Monday, February 7, 2011

Tips for Adding Probiotics to Your Diet

Probiotics are “friendly” bacteria that can be found in certain foods and supplements. These are live microorganisms that are similar to the natural ones that can be found in the digestive tract. Sometimes the natural production of this bacteria is reduced due to poor eating habits use of certain types of medication, tap water chemicals, alcoholic beverages and stress. When this intestinal flora is reduced, there is an imbalance between the different types of bacteria in the digestive tract, causing bloating, excessive gas, constipation, diarrhea, poor nutrient absorption and toxicity.

Benefits of Probiotics

Even if you eat a healthy diet, it can be difficult to always ingest the right foods. Including probiotic supplements or foods in your diet can assure that your digestion will be improved, nutrients are better absorbed and your immune system is stimulated and supported. Certain medical conditions, such as Candida, thrush, vaginal yeast infections and other fungal conditions are helped with probiotics.

Probiotic Foods

Get in the habit of eating foods that contain a probiotic. It only takes a few small changes. If none of the foods listed below are to your liking, consider taking a probiotic supplement. Some common foods containing probiotics include:

Yogurt
Acidophilus milk
Buttermilk
Kefir
Tempeh
Miso
Sauerkraut
Brewer’s Yeast

Yogurt

Yogurt is one of the most accessible probiotic foods. It can be found in almost every grocery store. It comes plain, flavored and with fruit. However, you must read the container label, as not all yogurt products contain probiotics. The yogurts, or other foods, containing the beneficial bacteria should have a “Live Active Culture” seal on the packaging. Otherwise, look through the ingredient list for Lactobacillus or Bifidobacterium. Plain yogurt can be substituted in recipes, such as dips and shakes in place of milk or sour cream. It’s great for a baked potato topping. Yogurt can be added to the top of whole grain cereal for breakfast, instead of milk.

Acidophilus Milk

Use acidophilus milk in place of regular cow’s milk. This milk is actually still cows milk, but it is processed differently than the grocery store type most people purchase. It is a cultured milk in which the probiotic, acidophilus bacterium is added to sterile milk. The product is then fermented for a period of time, usually 18 to 24 hours. The process gives the milk a bit of a tangy flavor with a thicker consistency. Don’t confuse this product with sweet acidophilus milk, which is processed differently.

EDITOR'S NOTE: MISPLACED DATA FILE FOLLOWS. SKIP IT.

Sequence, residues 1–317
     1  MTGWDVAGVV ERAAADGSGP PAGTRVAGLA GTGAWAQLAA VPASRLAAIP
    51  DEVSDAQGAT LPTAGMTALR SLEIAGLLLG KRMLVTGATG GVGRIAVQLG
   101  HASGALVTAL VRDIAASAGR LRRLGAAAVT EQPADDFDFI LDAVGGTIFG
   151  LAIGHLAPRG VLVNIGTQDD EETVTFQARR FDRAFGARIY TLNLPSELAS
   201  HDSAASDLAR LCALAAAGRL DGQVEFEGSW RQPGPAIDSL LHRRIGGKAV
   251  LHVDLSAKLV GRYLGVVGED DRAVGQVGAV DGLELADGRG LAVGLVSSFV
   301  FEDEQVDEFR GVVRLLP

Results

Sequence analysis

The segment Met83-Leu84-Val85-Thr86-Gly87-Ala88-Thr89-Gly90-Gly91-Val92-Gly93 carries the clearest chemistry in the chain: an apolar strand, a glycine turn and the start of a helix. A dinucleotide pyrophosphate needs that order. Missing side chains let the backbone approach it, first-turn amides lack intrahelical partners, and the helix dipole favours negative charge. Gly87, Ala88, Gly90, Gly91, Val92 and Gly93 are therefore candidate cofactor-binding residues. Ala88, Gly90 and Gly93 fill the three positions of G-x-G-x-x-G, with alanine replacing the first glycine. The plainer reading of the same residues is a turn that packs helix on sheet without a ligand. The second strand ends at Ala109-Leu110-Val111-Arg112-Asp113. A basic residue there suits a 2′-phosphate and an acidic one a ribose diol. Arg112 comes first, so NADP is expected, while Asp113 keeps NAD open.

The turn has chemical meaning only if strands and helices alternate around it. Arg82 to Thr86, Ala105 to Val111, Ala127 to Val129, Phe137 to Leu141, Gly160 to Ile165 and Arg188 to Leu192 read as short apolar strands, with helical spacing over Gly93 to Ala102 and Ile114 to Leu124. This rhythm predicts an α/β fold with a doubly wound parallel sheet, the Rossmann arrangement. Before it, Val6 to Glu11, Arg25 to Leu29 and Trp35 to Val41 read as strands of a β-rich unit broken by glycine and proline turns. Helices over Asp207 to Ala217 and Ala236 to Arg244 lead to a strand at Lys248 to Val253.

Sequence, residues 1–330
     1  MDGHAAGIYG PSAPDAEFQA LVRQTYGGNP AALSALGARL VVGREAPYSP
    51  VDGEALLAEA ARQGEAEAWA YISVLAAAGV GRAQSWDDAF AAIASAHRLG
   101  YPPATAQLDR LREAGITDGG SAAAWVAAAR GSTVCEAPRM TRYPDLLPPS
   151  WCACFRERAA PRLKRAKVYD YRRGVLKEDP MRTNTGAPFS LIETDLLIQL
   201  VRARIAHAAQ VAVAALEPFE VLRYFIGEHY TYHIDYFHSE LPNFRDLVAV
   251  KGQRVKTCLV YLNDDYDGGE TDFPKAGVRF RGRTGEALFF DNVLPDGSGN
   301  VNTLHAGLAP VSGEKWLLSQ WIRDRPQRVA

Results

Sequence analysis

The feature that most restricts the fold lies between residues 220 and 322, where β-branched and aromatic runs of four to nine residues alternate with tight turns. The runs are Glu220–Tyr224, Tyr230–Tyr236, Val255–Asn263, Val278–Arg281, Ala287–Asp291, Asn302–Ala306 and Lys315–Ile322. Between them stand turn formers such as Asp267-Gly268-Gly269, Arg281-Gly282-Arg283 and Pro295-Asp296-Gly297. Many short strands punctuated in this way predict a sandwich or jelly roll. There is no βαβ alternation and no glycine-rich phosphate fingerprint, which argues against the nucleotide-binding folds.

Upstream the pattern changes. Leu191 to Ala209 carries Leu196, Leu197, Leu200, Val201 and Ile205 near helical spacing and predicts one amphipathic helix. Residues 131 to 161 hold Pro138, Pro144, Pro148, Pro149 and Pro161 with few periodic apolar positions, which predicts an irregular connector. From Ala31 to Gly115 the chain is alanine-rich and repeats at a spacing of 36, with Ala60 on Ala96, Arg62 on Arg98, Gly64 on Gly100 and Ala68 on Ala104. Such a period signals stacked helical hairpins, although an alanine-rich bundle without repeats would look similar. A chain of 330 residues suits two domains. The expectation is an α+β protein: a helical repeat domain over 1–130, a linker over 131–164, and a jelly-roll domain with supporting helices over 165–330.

Buttermilk

Buttermilk is another way to get probiotics into your diet. It seems to be one of those foods that you love or hate. If you love it, start switching out your regular milk drinking for buttermilk. In addition to the beneficial probiotics in buttermilk, it also contains calcium, vitamin B 12, potassium, riboflavin and phosphorus.

Kefir

Kefir is much like yogurt, except it can be processed from other types of milk than cow’s milk. You may find this product made from goat milk, buffalo milk, sheep milk, coconut milk, soy milk or rice milk. If yogurt is not to your liking, give kefir a try and see if it agrees with your taste buds more readily.

Tempeh and Miso

Tempeh and miso are fermented soy based foods. They may be more familiar to vegans, as they offer a high protein content. Tempeh is often used in dishes that could otherwise be replaced by meat. It is often used in stir fry, chili, soups and sandwiches. Miso, although is usually soy based, can also be made by fermenting rice or barley. It comes in many flavors, in a paste consistency. It is most often used in soups, sauces, marinades and glazes.

Brewer’s Yeast

Brewer’s Yeast is sometimes referred to as “nutritional yeast.” Besides a good source of probiotics, it is also very nutritious. It can be found in most grocery stores, but also in health food stores. The easiest way to include it in your diet is to sprinkle it over the top of cereal, soup, salad, vegetables or other foods.





2 diner's comment:

Dr B said...

Thanks for this great article. Although natural foods may contain probiotics, if you look at the literature posted by ProbioticsMD.com - they state that the amount of CFU necessary for any clinical affect needs to be higher than natural foods and taken in a supplement form. Although eating foods with naturally occurring probiotics is great to due - to improve the effect, try to add supplements t your diet.

smilinggreenmom said...

Thanks for the ideas! We usually do not even think about the foods aspect because we take our Vidazorb chewable everyday....I just haven't wanted the calories etc. But some of these things are actually really healthy and might be yummy to include! TY :)